Here is my last run on Ebbetts from a few weeks ago. Didn’t seem to have any issues on my Tacx Neo. To achieve the power in the short 5-10sec sprints I have to be in the big ring. What chainring are you guys using?
I did Ebbetts today too on Tacx neo in erg mode and also experienced it hard to Average the desired Watts in 5 sec. I was able to hit the wattage just not “average” it in such a short span of time. I’m always in the small ring on the front and middle of the cassette. I feel like I got the benefit of the workout even though the numbers don’t look perfect. My workout is below:
I’m riding my KTM hardtail, Eagle MTB.
So 34 up front 1x and the 5th up from the bottom on the Shimano 11 speed 10-28 cassette on my Neo.
Chainline perfectly straight, ERG MODE so no shifting. It’s the one gear in the cassette that is perfectly lined up with one of the shifting Eagle indexes.
So I’m not generating as much flywheel rpm as you guys in the big road rings. But my cadence is always 92 and up.
I did Ebbetts a few weeks ago and I too have a Tacx Neo. It’s hard to get those 5 seconds, but I just went for it, from the start and didn’t follow the graph on the screen or anything. I just gave it all I could.
This is from one of the sprints in the very last interval. It’s not perfect, of course, but I am satisfied with the trainer.
My interpretation is that people often get confused by the (not matching target) numbers shown on screen after a shorter interval or in the interval summary.
With smooth pedaling and small front ring I usually get close to those short interval targets with the Neo if I look them up on the web page, zoom in and shift those 5, 10 or 15 second block 1-2 seconds to the right. So not 1:00-1:10 but 1:02-1:12 for example.
There is a feature request to do that automatically and look some seconds around for each short interval and use the part with the highest average power for that interval duration and show that in the interval summary list. You might want to comment and upvote here:
@chadmcneese here’s my file for ebbetts today. I’m on a vortex. I’m not sure I get the intended benefit. Managed to get 3-4 seconds of work a above prescribed on virtually every burst interval. But my trainer is so slow to ramp down on some of them it took over 20 seconds to get back to the sweetspot I was supposed to be in. All in all every single interval was in the treshold range for average power.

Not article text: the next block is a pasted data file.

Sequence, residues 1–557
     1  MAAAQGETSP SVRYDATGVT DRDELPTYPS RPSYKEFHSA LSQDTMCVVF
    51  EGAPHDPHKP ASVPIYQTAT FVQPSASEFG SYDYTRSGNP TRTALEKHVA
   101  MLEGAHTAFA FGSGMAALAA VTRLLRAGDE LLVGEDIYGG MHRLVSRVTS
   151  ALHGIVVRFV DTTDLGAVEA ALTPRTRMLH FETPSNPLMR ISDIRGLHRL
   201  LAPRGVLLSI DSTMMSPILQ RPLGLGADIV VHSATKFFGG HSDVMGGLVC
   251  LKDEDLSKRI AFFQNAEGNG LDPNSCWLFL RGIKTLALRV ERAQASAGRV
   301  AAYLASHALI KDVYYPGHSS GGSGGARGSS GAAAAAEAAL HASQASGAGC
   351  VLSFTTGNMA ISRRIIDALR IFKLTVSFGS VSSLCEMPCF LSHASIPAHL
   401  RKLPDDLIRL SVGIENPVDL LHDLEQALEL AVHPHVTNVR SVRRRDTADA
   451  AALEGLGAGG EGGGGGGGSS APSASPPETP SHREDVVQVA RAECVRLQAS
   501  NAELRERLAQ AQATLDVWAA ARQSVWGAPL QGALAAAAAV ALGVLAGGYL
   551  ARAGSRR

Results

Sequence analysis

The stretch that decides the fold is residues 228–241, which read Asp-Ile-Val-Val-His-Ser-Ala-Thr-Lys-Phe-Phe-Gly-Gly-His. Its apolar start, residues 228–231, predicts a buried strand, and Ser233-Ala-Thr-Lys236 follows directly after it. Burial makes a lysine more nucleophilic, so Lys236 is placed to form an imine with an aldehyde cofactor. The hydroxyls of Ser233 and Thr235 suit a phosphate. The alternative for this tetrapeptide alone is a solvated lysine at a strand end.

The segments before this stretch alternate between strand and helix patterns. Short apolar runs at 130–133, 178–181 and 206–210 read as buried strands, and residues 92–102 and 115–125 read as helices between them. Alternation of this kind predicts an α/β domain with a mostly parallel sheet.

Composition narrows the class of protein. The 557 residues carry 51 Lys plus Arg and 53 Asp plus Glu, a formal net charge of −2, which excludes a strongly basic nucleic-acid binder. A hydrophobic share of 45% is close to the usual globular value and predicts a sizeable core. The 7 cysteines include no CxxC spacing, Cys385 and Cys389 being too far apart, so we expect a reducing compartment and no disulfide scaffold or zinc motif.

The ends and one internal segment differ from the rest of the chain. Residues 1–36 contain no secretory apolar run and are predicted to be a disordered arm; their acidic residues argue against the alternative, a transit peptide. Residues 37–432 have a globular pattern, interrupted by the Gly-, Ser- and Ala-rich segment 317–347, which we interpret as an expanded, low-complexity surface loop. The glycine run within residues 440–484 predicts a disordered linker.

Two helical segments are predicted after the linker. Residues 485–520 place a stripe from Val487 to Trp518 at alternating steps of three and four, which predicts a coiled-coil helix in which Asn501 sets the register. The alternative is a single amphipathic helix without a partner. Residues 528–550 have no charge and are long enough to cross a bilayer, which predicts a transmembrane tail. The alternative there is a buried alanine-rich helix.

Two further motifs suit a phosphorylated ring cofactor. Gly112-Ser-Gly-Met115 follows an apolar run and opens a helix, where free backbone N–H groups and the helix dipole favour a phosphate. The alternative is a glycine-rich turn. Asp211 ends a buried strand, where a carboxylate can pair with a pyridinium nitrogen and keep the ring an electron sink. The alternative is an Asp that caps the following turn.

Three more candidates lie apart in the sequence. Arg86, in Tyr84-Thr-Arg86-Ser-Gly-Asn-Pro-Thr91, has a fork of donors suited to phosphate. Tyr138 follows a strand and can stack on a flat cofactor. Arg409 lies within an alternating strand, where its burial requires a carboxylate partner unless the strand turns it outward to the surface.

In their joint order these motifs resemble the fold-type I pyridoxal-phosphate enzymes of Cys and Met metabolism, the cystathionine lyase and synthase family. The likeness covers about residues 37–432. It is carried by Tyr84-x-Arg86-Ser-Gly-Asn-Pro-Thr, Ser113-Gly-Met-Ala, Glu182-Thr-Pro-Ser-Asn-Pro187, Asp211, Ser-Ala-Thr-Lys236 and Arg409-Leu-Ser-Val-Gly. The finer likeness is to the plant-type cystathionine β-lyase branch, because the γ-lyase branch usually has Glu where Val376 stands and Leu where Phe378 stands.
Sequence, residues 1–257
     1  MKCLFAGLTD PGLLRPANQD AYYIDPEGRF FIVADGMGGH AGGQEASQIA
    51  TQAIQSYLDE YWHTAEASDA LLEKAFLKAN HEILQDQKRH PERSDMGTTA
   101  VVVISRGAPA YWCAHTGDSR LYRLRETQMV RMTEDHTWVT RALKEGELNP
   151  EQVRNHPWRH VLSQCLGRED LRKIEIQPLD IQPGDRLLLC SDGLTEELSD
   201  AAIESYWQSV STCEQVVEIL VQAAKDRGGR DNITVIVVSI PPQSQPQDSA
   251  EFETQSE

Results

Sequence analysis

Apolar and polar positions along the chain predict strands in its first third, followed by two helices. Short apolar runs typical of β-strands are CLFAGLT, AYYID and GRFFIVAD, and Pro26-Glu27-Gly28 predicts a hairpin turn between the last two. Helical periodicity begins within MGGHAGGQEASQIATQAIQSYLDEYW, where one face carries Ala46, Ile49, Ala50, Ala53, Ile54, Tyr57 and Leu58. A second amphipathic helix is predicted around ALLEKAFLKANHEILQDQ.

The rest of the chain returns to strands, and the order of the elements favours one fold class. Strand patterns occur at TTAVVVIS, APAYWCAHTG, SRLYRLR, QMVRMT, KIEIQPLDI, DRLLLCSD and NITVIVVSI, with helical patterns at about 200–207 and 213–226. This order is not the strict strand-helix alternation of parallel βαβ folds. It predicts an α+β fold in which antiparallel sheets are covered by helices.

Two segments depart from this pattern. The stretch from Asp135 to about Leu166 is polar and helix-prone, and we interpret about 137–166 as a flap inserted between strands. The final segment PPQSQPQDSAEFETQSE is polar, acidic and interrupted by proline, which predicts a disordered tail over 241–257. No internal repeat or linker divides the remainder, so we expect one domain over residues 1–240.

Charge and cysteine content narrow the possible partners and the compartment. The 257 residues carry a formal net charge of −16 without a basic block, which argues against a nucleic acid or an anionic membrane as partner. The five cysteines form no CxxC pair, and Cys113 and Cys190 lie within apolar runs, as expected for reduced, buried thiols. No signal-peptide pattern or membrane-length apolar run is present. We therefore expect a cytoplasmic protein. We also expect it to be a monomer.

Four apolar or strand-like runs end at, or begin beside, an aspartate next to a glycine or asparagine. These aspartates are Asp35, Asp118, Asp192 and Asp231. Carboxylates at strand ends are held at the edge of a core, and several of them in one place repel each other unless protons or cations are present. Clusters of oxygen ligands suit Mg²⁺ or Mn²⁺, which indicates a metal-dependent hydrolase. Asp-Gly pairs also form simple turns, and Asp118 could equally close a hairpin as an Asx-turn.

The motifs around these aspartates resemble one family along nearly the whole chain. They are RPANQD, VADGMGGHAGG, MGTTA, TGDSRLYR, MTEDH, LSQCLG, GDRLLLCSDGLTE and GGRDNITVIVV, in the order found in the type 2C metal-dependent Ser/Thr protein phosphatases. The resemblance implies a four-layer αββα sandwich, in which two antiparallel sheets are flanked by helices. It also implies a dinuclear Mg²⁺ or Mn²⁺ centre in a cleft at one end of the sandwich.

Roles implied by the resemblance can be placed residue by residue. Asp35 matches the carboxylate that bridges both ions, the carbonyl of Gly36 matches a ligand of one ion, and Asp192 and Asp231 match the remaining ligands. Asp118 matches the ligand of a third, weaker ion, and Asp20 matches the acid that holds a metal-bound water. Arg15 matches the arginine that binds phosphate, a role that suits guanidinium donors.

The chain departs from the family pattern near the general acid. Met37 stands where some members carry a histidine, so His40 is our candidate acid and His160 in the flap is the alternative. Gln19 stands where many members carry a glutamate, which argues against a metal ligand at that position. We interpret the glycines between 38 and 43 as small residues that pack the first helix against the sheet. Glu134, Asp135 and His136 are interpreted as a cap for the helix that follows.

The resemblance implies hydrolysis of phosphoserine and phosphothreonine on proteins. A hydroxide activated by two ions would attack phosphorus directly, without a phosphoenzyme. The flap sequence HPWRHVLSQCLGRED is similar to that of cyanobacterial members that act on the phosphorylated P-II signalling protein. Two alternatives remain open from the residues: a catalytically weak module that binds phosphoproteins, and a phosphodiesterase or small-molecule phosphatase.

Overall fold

I think Chad you are completely correct, the training exposes the user to the required training level, but as a Neo owner, I can tell u it’s really frustrating, you build yourself up for 150%, 3,2 1 … nothing,nothing, spin spin, pedal to fast, oh here we go, other times when you think, wait a couple of seconds … don’t spin, brick wall
It might have the desired training, from a user experiance it’s a bit rubbish, why do a count down, if you’re actually going to do it a few seconds later
I guess you may be having a different experience than me. There are two things in play here:
What do we feel and experience in the moment of the workout.
TR sends the actual resistance change instruction in ERG at about 2 seconds to go (this might even vary from trainer to trainer as loaded in the TR app, but I’ve seen mixed info on that). I know on my Neo, Kickr and H2, that I get “hit” with power from jumps like this before the actual 0 in the countdown.
This is done in part to offset the actual power captured and try to align it better with the prescribed blocks when doing analysis in #2 below. It doesn’t always work for alignment, but for me, it usually means I am well into the power kick when I am officially in the power block.
What you are describing seems to be different from my experience, and I’m not sure why that would be?
What do we see in the post workout analysis.
As above, the TR app sends the resistance change early, hoping to get closer matches between planned and actual power.
This can be impacted by the rider’s power/cadence reaction to the resistance change, the actual trainer used (delay and response capabilities), the gearing used on the trainer (some respond faster in different gearing), and who knows what else? As such, we can see different results despite apparently similar use.
I have played a fair bit and come to one basic trick for these jumps. I often drop my cadence 5-10 rpm prior to the jump. Doing this causes the resistance brake to clamp down a bit more from the slower cadence. When the interval hits, I accelerate my cadence back to or well beyond the prior cadence. Doing so means I hit a harder resistance and higher power level sooner than purely waiting on the trainer to make the change. It doesn’t always work, but it’s something that I find works most of the time.